I used this method of prayer for years. Strangely enough I don’t use it anymore. It just went away about ten years ago or maybe more, as if the pen fell out of my hand. My prayer became much more passive, simple, silent and dark. I just sit in the cave of my heart, if you will, nowadays, and God is there too.
Sometimes the Lord seems to take away one kind of prayer and lead you another way. We must all be docile to that and trust it as long as it is not really that we are being lazy or flighty. Prayer requires discipline and before we give up a kind of prayer we are committed to we should be discerning about what that’s really about, what our real reason is. It is always tempting to turn our hand from the plough. Sometimes continuing to pray is hard work, or an issue has come up. And we want to quit. Other times it is that God is leading us in a new path. And we should go with that.
Imaginative journaling is a great way to pray and it can be powerful and transformative. To me it has much in common with the more active types of prayer Teresa suggests for beginners. Though I think she might have been amused by what I was doing, I don’t think she would have had a problem with it.
I found out Morton T. Kelsey died some years ago. I hope someone told him how helpful he was when he got to Heaven. I hope he and St. Teresa were able to have tea or something and some good discussions. Maybe she would say, “Thank you for helping my little wayward daughter to find her heart when she was wandering lost.” And maybe he would say, “You’re welcome. I’m sure glad you took over trying to teach her anything though. Better you than me!” And maybe they laugh. And they toast their tea cups to wayward little souls that God leads in whatever way He can get them to go to find Him.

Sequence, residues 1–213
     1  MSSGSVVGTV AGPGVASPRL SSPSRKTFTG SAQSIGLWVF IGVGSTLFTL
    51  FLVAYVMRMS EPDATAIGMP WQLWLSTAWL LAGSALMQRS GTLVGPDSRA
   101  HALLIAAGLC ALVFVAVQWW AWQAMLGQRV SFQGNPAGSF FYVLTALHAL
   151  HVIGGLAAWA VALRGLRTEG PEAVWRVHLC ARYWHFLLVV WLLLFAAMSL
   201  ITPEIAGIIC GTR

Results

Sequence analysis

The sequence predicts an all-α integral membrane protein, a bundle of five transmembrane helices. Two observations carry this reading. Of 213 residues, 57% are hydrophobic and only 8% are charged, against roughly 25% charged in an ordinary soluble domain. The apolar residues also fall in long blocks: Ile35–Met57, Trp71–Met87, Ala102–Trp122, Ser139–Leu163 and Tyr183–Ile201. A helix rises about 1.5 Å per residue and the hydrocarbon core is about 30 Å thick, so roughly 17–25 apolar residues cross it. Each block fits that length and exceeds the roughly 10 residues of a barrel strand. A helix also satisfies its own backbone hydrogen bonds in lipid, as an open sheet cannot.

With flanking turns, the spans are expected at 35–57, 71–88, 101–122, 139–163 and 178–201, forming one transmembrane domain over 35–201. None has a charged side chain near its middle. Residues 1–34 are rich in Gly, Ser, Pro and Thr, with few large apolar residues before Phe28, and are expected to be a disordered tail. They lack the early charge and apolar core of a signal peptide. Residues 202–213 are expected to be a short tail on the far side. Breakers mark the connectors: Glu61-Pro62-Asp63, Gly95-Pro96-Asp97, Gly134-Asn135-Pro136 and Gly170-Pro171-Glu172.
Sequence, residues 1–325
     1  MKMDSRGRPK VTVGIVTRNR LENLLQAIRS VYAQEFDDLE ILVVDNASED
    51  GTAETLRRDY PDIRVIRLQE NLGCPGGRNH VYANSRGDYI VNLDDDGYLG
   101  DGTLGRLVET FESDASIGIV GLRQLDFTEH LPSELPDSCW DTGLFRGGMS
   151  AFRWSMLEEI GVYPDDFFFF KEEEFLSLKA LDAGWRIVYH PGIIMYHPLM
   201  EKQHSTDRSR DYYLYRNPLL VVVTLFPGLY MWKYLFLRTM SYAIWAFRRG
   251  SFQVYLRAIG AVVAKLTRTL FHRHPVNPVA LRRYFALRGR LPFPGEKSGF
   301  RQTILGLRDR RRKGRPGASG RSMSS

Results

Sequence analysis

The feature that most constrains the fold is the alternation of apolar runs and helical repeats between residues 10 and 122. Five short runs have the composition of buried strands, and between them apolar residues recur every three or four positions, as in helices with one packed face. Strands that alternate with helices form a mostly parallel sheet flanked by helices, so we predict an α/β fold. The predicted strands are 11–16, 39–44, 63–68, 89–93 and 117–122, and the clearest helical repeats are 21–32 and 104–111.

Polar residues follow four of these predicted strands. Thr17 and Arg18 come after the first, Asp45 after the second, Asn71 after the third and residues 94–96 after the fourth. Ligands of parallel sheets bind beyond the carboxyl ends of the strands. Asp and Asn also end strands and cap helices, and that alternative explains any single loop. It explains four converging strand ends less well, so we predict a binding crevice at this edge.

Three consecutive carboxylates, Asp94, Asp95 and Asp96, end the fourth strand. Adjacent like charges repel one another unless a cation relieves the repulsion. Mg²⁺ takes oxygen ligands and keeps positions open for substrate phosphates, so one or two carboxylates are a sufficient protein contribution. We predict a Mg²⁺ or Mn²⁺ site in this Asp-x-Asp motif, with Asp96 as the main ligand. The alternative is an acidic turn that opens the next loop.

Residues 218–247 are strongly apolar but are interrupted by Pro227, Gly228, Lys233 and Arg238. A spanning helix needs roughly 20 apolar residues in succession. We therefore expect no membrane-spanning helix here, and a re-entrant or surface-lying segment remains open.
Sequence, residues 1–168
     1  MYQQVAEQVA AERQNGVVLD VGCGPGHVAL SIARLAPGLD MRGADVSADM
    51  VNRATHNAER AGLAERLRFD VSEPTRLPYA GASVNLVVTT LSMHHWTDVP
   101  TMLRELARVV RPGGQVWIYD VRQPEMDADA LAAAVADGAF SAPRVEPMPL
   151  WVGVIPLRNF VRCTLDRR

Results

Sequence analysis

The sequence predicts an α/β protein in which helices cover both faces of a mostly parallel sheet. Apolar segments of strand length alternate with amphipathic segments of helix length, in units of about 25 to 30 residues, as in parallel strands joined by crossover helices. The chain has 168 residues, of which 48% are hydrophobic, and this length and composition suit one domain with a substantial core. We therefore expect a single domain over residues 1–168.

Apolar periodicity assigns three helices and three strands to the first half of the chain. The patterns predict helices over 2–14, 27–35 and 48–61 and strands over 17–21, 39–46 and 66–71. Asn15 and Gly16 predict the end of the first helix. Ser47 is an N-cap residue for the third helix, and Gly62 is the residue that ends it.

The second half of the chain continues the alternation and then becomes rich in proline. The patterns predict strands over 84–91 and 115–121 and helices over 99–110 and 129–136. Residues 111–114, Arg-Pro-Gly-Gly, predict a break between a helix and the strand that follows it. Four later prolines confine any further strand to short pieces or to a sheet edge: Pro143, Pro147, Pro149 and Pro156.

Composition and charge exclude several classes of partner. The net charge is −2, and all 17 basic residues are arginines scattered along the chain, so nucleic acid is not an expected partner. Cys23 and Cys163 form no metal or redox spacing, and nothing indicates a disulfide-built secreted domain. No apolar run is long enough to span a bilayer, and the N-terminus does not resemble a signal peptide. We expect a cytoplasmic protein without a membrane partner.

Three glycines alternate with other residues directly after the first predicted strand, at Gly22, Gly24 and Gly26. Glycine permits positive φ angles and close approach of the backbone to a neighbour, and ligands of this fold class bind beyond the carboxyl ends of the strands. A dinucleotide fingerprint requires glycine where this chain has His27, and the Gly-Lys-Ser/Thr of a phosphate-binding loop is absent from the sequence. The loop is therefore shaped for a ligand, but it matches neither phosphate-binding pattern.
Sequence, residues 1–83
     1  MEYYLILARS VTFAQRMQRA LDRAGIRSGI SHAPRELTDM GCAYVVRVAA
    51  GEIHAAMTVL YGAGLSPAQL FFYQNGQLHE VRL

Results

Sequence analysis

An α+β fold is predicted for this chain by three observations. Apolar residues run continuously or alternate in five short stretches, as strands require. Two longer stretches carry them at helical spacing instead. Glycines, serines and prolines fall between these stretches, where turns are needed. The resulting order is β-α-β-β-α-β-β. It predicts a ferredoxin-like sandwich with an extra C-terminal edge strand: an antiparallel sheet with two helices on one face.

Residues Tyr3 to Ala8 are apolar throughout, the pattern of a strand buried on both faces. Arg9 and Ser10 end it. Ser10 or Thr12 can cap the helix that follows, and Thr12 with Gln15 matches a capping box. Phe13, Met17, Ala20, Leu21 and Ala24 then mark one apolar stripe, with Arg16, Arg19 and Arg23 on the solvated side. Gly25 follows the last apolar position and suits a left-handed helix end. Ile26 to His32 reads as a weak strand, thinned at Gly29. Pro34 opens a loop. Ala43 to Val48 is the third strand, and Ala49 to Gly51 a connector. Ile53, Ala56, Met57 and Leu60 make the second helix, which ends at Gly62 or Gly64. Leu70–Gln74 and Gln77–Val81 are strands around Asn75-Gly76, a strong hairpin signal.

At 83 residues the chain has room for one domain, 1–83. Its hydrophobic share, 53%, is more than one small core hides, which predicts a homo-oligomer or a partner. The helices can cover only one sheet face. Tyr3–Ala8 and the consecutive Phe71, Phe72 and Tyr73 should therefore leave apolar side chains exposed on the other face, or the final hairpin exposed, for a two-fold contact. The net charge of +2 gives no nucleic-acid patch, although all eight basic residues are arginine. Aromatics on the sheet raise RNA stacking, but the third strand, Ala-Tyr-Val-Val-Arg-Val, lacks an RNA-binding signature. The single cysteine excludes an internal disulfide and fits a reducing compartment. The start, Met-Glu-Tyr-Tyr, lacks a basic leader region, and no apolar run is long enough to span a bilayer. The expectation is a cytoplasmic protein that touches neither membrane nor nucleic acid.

If you decide to read Morton T. Kelsey remember he isn’t a Catholic but an Episcopalian priest. Also he talks a lot of Jungian psychology, having found some of Jung’s ideas helpful to his own prayer journey. You can either not read him or take what you like and leave the rest if that sort of thing bothers you. Adventure Inward is more specifically about prayer journaling. It is also simpler and shorter.
Or you can just sit down with your journal, get quiet inside, and start writing. Maybe you’re walking along the beach, the waves are choppy and the wind is cold. It’s about to storm. You see someone coming to meet you, his long hair peeking out from his rain coat hood, flashlight in hand. “Hey come on, I made breakfast!” He slips his arm around you and you’re off on an adventure inward with the best Friend possible, the Lord within.
* The teachings and quotes mentioned of St. Teresa of Avila’s can be found most easily in her book The Way of Perfection.
When you are in a time of intense suffering; grief, dread, or emotional overload, when you are walking around the house just staring at things, when getting through the day seems impossible, and you don’t know what to do with yourself, read this:
1. Do the next right thing. This might be eating a sandwich, sweeping the floor, going for a walk. Do one thing at a time. Do the task, and then do the next one. My mother used to say, “Wipe your table, sweep your kitchen floor, make your bed, and call me back.” It works.
2. Section off the day into manageable pieces.
You don’t have to suffer the way you feel, or the situation you are in forever, only for today. Divide the day up into sections. Think of something you are going to do at the end of each time period to mark its end and transition into the next one.
I have used:
- calling a friend
- reading a daily devotional or thought for the day
- a novena prayed every hour instead of once a day
- praying the Liturgy of the Hours through the day
- a short walk